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Raven + Lily in Conversation: Sutanya Dacres

Raven + Lily in Conversation: Sutanya Dacres

A series of discussions with women we love, Raven + Lily In Conversation features interviews with the women who inspire us on a daily basis. Taking a closer look at the lives and stories of our collaborators, friends and other artists we admire, we continue our conversation with the voice behind one of our favorite podcasts – Dinner for One’s Sutanya Dacres.

An intimate podcast about the healing power of good food, Dinner for One creator and host Sutanya is a Jamaican-born, Bronx-raised, American expat in Paris mending a broken heart one dinner at a time. ‘It explores what happens when the Paris fairy tale ends and real life begins,’ says Sutanya, who got married after falling in love with a Frenchman in New York. ‘We moved to Paris and – as I like to say – my fantasy crumbled to bits like a flaky croissant,’ she says, talking about her decision to stay on in the city of love despite finding herself ‘divorced, sad and alone in France.’

Fast forward seven years later and Sutanya is alone by choice – sequestered in Aix-en-Provence, where she is writing her debut book. Part memoir, part recipe book, Sutanya is ‘really excited’ about it, and so are we. We found her in a celebratory mood – ‘I was listening to carols before you called’ – when we spoke to her about her favorite gifts for the festive season. As she prepares to spend her first Christmas on her own, we discovered how she plans on navigating the holidays solo, what she’s hoping to find under the tree this year, and who she’d invite to her dream dinner party. Read on for her pro hosting tips and enjoy her simple, seasonal recipe for roasted butternut squash with red onion, feta and pine nuts.

Where did the idea for Dinner for One come from?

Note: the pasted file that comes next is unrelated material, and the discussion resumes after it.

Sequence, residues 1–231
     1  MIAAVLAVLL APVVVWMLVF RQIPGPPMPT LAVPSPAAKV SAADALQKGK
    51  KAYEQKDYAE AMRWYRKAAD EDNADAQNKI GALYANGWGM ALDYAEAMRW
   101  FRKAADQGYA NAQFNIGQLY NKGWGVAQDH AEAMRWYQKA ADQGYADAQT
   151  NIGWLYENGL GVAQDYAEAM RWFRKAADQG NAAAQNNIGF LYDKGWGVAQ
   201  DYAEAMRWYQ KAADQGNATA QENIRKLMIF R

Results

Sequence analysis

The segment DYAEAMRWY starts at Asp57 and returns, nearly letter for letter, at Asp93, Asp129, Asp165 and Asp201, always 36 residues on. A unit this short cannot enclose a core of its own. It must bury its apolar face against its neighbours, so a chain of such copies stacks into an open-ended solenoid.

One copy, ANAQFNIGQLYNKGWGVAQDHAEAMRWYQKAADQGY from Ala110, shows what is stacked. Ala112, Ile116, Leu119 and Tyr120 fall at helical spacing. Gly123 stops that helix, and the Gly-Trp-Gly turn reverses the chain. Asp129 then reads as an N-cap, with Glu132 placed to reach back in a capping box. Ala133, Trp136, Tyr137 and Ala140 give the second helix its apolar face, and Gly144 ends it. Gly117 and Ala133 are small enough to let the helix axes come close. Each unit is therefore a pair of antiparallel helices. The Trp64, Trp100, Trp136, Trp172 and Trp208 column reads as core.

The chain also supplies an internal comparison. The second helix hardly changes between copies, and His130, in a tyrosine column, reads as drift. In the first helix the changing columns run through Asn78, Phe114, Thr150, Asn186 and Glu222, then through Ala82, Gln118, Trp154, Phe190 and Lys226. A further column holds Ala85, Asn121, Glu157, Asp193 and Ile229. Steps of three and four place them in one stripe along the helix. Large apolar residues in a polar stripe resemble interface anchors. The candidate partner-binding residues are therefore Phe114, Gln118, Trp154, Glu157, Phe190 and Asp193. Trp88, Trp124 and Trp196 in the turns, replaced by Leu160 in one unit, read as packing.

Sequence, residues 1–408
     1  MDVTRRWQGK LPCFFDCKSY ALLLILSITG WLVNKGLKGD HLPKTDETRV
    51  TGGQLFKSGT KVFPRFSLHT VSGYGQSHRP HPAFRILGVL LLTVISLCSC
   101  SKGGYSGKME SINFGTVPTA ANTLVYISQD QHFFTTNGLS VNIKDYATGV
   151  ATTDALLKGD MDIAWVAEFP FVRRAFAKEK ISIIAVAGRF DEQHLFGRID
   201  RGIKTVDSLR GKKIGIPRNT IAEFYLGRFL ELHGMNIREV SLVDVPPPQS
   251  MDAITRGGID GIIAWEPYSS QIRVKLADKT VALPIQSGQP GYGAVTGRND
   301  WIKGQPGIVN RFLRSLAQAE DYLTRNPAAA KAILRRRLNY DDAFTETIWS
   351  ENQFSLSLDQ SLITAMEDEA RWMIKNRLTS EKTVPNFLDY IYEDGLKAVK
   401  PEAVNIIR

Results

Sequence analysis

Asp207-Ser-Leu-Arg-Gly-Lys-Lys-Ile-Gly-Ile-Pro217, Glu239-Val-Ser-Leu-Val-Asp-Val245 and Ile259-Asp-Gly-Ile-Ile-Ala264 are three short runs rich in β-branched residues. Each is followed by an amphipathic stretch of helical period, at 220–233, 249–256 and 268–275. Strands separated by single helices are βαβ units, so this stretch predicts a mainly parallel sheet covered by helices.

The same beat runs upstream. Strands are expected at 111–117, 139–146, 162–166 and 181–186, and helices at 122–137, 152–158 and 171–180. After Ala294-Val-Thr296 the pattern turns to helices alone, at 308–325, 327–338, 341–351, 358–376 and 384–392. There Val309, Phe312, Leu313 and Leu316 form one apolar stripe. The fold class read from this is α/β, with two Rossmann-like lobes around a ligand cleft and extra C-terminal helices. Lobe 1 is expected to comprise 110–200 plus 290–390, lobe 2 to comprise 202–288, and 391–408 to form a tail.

I went through a really bad period where I didn’t want to accept my break up; I didn’t want to accept that I was in France on my own, and I wasn’t ready to face my new reality. Instead I did what I think a lot of women in their late twenties and thirties do: I went out a lot, drank a lot of rosé and dated random men. One night things got a little bit out of control and I had this awakening where I realised I was really hurting myself more than anything. Around the same time I made myself a meal and I felt so good doing it that I started cooking dinner for myself a couple of times a week. I realised that I could take care of myself, I could love myself again, and I would be OK. I started reading blogs about Americans in Paris and they all had these amazing lives – I couldn’t find anyone that was divorced, had chosen to stay in Paris and was talking about it in a vulnerable and honest way. Breaking up and having to start over is a universal experience regardless of gender, race, location or your relationship status. There are so many people that live by themselves and cook for themselves. I wanted to talk about how that experience has helped me, and to remind people that it’s not a bad thing, you’re not the only person going through it. You don’t have to feel shame over being single – the fact that we’re doing literally everything by ourselves should be celebrated. It can be hard and it’s kind of a slap in the face when it happens but you can get over it, you don’t have to wallow in self-pity. At the end of the day it can be a beautiful experience.